How Do You Handle Async APIs and Callback Hell?
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While asynchronous APIs can bring advantages, they certainly complicate programming by forcing developers to manually string together sequential operations using callbacks, causing a phenomenon called "Callback Hell".
InfoQ wants to know: how do you handle asynchronous APIs? How do you stay out of Callback Hell or how do you manage it?
Language features and related
These are solutions that are either straight up language features or are supported by language features (eg. macros, etc).
- C# Async/Await
- Scala Async/Await
- Clojure's core.async
- F# Async Workflows
- Stratified JS
- Ocaml lightweight threading (Lwt, Async and others)
- Haskell lightweight threads
- Ruby Fibers
- Other language with lightweight threads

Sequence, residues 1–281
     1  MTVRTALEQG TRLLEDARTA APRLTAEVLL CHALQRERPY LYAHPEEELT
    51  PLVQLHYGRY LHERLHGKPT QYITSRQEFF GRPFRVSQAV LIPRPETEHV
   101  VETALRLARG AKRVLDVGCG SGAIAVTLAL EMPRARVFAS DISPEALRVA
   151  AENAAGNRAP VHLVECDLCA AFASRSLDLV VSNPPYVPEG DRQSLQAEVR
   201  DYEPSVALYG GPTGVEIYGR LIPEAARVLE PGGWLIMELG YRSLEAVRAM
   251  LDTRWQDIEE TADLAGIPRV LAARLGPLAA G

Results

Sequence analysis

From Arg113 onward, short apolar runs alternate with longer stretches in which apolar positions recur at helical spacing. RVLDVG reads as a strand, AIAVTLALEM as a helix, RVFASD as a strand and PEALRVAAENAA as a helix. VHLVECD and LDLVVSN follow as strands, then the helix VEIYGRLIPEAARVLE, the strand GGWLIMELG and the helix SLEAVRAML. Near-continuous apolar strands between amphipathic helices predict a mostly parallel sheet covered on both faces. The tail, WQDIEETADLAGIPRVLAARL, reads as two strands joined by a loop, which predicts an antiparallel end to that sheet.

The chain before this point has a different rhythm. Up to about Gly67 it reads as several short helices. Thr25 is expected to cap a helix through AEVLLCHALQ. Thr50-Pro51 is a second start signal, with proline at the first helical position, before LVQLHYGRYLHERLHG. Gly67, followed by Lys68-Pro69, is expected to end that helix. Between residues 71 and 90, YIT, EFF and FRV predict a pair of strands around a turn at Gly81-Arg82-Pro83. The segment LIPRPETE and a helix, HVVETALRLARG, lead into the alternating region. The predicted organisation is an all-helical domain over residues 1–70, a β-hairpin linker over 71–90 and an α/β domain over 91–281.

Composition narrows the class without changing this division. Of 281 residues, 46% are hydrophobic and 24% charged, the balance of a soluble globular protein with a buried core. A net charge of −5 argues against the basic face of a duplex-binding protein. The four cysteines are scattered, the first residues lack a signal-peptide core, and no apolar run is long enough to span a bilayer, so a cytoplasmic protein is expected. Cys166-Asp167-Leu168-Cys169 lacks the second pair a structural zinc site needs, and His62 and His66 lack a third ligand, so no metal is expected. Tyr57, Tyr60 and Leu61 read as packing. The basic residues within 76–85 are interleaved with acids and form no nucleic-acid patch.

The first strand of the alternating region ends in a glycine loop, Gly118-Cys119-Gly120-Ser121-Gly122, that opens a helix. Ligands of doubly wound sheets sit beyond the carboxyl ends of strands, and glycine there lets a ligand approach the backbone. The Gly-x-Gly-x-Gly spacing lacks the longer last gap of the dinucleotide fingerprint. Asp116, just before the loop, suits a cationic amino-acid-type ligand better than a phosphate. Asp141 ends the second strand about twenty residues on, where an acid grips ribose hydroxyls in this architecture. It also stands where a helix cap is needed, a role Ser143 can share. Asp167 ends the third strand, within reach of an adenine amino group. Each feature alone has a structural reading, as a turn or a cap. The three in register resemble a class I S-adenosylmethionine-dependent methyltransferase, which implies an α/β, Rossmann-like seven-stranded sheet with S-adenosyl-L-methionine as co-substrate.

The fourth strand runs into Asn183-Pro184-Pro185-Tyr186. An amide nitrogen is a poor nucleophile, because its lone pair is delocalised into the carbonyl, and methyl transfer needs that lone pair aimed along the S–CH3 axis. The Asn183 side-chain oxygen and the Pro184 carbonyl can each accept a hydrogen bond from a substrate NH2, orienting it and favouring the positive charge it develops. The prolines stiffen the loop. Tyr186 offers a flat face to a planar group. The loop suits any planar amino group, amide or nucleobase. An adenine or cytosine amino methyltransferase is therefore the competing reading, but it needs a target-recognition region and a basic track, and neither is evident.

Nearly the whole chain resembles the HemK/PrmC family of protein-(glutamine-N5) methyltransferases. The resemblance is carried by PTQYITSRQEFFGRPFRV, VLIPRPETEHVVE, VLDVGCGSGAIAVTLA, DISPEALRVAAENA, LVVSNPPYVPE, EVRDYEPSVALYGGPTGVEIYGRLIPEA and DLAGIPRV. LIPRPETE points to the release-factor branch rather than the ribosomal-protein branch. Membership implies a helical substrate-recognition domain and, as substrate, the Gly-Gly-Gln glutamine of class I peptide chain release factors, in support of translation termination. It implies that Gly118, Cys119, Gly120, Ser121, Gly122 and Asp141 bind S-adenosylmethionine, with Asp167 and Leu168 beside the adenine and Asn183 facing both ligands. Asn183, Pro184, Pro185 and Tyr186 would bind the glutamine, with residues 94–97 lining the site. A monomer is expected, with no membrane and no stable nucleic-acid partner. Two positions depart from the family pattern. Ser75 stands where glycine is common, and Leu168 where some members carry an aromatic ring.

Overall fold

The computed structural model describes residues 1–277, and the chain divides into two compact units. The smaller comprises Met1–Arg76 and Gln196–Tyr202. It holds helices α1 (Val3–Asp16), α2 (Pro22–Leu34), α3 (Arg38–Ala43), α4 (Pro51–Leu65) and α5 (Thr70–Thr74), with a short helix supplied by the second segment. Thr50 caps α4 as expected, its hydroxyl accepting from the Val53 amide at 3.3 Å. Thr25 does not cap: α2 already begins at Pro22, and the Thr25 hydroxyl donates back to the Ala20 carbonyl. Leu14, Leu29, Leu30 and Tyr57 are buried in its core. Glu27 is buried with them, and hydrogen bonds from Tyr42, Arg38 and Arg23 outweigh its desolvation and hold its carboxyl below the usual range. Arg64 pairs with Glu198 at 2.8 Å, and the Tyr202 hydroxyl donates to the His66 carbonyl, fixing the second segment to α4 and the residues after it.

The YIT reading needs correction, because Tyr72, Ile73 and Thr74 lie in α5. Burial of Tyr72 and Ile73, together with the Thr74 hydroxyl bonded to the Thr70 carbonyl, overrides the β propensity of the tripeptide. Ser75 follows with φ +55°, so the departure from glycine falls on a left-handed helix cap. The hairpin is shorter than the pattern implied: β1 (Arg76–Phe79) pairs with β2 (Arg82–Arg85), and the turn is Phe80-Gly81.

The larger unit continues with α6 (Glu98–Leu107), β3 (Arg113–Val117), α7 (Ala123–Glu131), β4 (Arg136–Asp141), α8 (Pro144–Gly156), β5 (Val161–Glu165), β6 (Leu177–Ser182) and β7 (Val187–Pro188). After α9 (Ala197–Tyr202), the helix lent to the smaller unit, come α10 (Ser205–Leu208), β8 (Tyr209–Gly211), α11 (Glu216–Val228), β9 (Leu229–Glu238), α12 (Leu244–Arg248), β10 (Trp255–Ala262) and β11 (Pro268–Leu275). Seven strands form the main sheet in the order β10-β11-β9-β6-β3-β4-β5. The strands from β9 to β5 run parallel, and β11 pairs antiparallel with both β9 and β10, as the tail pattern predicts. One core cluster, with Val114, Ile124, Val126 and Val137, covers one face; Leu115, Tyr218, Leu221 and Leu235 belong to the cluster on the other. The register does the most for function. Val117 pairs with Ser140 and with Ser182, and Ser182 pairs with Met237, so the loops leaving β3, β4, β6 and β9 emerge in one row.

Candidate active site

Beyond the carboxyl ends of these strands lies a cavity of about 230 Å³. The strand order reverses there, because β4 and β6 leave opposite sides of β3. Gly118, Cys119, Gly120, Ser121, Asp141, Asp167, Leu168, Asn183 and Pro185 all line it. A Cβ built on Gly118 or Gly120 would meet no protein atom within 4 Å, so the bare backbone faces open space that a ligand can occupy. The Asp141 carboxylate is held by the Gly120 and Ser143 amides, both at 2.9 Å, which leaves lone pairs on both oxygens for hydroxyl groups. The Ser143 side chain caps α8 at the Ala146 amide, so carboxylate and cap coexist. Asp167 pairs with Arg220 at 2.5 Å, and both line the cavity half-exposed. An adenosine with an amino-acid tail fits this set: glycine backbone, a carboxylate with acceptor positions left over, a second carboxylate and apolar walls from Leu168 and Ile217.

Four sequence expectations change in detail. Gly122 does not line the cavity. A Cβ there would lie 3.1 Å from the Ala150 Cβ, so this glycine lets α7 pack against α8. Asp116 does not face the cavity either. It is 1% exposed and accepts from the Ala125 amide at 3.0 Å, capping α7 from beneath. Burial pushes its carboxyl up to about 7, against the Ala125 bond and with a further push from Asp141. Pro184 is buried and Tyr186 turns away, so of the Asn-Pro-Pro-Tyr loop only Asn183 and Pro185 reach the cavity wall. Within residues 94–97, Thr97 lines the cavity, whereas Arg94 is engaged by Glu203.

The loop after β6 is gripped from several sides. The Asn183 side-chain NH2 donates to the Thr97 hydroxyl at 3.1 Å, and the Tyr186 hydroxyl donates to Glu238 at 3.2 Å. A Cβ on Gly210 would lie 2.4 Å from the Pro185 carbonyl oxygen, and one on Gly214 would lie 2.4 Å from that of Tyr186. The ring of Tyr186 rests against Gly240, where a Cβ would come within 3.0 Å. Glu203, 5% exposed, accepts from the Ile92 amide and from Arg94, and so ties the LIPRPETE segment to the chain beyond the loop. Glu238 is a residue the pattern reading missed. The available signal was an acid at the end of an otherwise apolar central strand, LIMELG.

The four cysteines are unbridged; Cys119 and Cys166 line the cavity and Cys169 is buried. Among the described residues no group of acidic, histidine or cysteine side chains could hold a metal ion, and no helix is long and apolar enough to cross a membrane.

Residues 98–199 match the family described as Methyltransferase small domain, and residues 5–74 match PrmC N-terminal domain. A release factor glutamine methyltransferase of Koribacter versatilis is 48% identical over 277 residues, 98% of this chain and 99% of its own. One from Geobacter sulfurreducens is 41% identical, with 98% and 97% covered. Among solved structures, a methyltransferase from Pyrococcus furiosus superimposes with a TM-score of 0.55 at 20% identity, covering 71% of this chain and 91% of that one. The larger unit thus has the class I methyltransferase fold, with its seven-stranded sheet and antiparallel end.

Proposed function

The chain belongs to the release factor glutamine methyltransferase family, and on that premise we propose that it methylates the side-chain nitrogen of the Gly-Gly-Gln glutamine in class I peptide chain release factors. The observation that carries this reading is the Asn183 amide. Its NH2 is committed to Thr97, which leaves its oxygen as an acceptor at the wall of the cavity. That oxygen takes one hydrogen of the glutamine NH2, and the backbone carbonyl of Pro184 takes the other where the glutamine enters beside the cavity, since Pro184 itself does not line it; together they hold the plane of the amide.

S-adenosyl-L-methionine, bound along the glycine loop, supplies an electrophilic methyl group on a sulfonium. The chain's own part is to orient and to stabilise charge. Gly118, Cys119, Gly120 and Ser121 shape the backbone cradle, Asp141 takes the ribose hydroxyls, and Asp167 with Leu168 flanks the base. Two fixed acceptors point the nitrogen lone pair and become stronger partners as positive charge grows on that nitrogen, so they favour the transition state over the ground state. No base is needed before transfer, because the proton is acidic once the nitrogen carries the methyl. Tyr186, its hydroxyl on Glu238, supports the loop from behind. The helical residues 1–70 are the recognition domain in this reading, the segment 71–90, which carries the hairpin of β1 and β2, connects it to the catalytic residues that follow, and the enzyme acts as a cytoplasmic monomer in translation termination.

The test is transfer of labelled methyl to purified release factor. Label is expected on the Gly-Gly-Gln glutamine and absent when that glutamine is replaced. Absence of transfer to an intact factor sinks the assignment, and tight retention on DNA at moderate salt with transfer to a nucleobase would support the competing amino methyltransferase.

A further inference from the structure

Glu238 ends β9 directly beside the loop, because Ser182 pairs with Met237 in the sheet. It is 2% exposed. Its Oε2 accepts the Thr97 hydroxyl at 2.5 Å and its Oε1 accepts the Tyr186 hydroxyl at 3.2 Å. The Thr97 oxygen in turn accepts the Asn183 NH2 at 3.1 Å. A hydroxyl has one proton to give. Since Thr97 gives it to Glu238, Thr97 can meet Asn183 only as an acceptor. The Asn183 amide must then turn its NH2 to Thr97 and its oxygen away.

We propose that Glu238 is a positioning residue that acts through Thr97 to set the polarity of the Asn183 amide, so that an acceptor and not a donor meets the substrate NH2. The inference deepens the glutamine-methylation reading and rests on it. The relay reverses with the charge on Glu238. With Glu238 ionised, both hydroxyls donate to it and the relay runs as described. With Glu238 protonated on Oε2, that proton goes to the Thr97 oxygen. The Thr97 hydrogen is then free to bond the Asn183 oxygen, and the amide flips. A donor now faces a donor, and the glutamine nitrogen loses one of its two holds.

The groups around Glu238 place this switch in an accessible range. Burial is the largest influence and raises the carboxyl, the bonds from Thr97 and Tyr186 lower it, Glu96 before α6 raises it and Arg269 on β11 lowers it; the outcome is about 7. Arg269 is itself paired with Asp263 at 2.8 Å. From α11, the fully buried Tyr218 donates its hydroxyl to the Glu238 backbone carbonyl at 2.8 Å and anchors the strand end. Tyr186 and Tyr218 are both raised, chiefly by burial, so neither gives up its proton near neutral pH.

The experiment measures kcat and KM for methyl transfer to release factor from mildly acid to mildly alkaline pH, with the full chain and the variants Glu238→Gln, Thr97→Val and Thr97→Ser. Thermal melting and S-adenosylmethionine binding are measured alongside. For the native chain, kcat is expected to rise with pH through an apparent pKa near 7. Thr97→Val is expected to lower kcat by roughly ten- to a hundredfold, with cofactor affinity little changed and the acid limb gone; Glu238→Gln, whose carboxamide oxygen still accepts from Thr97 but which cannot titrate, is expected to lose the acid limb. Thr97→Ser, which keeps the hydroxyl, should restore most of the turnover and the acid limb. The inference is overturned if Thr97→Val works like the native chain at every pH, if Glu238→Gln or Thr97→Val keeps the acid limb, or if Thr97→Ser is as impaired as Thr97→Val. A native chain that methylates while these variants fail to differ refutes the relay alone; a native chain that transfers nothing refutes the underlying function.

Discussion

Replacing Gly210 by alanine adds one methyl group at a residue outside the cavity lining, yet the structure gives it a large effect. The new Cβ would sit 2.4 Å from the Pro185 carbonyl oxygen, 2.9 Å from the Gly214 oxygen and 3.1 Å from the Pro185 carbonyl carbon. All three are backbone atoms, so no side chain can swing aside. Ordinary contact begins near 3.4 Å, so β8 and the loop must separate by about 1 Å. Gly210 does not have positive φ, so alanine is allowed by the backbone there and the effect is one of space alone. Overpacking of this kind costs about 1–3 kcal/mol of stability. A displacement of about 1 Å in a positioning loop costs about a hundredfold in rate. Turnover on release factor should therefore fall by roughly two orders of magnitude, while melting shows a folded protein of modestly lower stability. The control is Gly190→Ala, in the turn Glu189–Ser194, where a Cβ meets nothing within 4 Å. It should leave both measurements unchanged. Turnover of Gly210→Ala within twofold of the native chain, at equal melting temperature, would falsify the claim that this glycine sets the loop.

Extensions of the language runtime or bytecode
- Reactive Extensions (Rx)
- Promises or Futures
Promises (and their namesakes) have been adopted by many (standard) libraries and make it easier to chain operations.
- Embedded DSL-style libraries
- State machines
Using libraries like ignite.js, Ragel, etc.
- Just write callbacks!
Is "Callback Hell" just bad developers complaining about their tools? Do you just grit your teeth and nest your callbacks rather spend weeks researching alternative solutions?
- Synchronous APIs
Do you avoid asynchronous APIs at all costs?
Note: if we missed your favorite language, library or solution, please tell us about it in the comments.
What other language with lightweight threads?
Law of Demeter
It's a stench of a Law of Demeter Violation in progress.
The solution is to Tell, don't Ask.
We use kontraktor :-)
check out this
Async API in Java
Its CallbackEvictor module works creating a proxy over invoked service, it pauses the application flow while is waiting the async reply and continue the execution when internal callback is executed with the expected result.
Surprised that "continuations" was not one of the options.